Where you have paid for something wholly or partially on your credit card (total value between £100 and £30,000 – section 75) or bought larger items or services under a finance agreement (between £30,000 and £62,260 – section 75A) the credit card or finance company is jointly liable for any defects in the item or services purchased with the supplier who you bought them from.
You do not have to pursue the supplier before you can claim from the credit company.
For further help or advice on this call Nick on 01925 759 510 or fill in the contact form at the side of this page.
I am a solicitor who will be dealing with your claim personally, I am not a claims management company nor will I pass your case on to an army of minions!
I have blogged about this before here. Enforcing an Ombudsman’s decision in court is necessary when the company does not do or pay what the Ombudsman has decided or awarded.
This is particularly so in these times where the financial sector is coming under more scrutiny and criticism than ever (and rightly so in my view!).
If the Company is delaying or refusing to pay you what the Ombudsman has awarded or starting to negotiate new terms for payment (eg instalments), you DO NOT have to accept their terms.
This applies to both consumers and businesses.
Take steps to enforce the award through the courts. You will need to have the Financial Ombudsman’s award “converted” into a “court order”. You do this by applying to your local county court using one of 2 forms.
Which Form Do I Use?
Use Form N322A when the court’s permission may be required eg if the Ombudsman’s award is conditional on one of the parties taking certain steps.
Use Form N322B where your award is a sum of money or a figure to be worked out using a formula set by the Ombudsman and no permission is required. There is currently no fee required for making such application.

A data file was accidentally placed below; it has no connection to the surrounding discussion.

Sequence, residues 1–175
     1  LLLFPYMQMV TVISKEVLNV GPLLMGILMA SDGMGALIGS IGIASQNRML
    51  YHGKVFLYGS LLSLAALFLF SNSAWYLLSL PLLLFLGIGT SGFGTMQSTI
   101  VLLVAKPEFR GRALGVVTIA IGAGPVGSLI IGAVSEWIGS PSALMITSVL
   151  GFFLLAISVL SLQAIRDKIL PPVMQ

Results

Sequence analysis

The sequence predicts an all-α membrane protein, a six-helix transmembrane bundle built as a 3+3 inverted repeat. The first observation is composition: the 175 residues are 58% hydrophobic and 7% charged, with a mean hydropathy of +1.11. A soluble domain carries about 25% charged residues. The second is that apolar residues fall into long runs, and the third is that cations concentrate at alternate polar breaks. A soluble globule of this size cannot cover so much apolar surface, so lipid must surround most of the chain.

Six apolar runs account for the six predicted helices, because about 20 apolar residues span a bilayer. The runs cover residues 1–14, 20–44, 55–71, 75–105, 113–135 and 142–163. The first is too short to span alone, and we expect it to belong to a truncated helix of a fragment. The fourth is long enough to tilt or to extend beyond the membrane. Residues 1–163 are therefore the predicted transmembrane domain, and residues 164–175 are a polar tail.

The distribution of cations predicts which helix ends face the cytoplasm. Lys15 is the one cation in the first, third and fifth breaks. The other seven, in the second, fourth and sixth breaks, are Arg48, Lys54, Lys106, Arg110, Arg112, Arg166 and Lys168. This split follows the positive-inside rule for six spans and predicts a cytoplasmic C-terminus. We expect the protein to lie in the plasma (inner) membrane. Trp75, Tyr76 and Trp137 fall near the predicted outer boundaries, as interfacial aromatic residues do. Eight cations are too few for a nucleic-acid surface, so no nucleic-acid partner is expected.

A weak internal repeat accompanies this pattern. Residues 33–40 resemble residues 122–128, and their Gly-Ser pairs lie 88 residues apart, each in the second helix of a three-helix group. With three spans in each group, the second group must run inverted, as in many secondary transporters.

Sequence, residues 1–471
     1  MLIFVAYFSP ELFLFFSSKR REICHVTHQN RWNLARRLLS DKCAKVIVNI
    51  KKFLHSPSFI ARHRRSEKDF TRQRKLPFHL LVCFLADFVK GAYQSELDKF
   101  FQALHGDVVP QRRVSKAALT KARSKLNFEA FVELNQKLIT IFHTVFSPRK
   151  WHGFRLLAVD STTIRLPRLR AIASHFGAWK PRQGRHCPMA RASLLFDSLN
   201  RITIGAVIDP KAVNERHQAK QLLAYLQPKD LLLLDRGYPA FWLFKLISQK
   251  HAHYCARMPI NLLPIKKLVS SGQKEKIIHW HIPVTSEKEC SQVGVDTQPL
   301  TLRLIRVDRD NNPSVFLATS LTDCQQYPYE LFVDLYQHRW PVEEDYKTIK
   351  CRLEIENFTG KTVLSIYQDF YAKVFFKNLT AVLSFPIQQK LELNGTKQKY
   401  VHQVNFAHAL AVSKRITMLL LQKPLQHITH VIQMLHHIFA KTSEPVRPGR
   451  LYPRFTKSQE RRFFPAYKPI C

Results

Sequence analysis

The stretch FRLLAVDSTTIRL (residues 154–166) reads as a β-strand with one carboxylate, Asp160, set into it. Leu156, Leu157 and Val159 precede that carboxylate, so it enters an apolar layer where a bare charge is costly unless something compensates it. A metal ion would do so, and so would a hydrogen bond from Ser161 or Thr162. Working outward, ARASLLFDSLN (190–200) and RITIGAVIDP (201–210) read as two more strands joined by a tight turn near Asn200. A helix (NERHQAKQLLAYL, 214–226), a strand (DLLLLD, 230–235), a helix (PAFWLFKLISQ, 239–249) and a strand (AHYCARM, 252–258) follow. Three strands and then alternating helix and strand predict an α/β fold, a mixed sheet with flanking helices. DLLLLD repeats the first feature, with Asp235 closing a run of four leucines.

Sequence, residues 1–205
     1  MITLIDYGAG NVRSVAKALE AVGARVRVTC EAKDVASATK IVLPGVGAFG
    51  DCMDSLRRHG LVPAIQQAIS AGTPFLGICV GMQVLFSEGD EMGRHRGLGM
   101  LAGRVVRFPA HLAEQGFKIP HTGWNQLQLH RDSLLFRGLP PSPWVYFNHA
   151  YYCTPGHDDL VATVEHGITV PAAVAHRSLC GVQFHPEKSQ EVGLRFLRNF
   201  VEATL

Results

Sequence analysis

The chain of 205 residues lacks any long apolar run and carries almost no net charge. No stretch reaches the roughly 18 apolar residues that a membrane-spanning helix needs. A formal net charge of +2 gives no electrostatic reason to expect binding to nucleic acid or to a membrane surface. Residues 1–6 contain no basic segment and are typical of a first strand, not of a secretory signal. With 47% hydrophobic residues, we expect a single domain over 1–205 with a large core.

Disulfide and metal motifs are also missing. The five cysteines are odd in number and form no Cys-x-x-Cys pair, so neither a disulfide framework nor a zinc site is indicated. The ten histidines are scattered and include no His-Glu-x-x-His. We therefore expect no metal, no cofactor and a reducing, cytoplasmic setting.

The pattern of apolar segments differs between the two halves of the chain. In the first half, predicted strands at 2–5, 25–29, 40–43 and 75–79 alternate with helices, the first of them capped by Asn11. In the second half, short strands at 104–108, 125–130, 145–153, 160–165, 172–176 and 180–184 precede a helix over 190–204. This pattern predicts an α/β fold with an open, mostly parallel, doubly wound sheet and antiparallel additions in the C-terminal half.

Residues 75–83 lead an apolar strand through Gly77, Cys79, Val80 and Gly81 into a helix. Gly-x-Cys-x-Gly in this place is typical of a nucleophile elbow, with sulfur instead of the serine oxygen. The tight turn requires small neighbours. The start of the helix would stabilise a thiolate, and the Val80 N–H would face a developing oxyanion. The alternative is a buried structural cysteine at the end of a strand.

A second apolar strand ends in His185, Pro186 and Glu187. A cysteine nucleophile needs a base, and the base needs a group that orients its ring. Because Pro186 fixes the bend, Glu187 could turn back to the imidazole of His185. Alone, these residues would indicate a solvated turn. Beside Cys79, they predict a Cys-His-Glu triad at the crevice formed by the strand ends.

I Have a Court Order What Do I Do?
You can enforce a court order for a sum of money in several ways, which I will cover in a separate blog.
There may be fees for these steps eg instructing the bailiffs using a “warrant of control”.
Whilst you could do this yourself, it can be complicated and drawn out.
If you would prefer to ask for help with this call Nick, a solicitor on 01925 759 510 for a free initial view on your claim.
Fire, hot machinery, hot ingredients (both solid and liquid whether in the manufacturing sector or food industry), hot water, steam, molten liquids, chemicals, acids or alkalis, friction – however, you have been burned it can be unpleasant at best and at the other end of the spectrum burns can be serious and even life threatening.
Burn type injuries can also be suffered from extreme cold, whether chemicals such as liquid nitrogen or liquid helium or cold surfaces (especially metal).
For example, Total Lindsey Oil Refinery has recently been fined by the Health and Safety Executive after a worker suffered serious burns when he stepped through the open lid on the top of his tanker into molten sulphur in October 2013. The oil company was deemed to have failed to operate an effective safe system of work and to have failed to have identified or assessed the risks of working on top of the tanker. As well as a fine the HSE served an improvement notice on Total requiring them to improve their systems which they have done.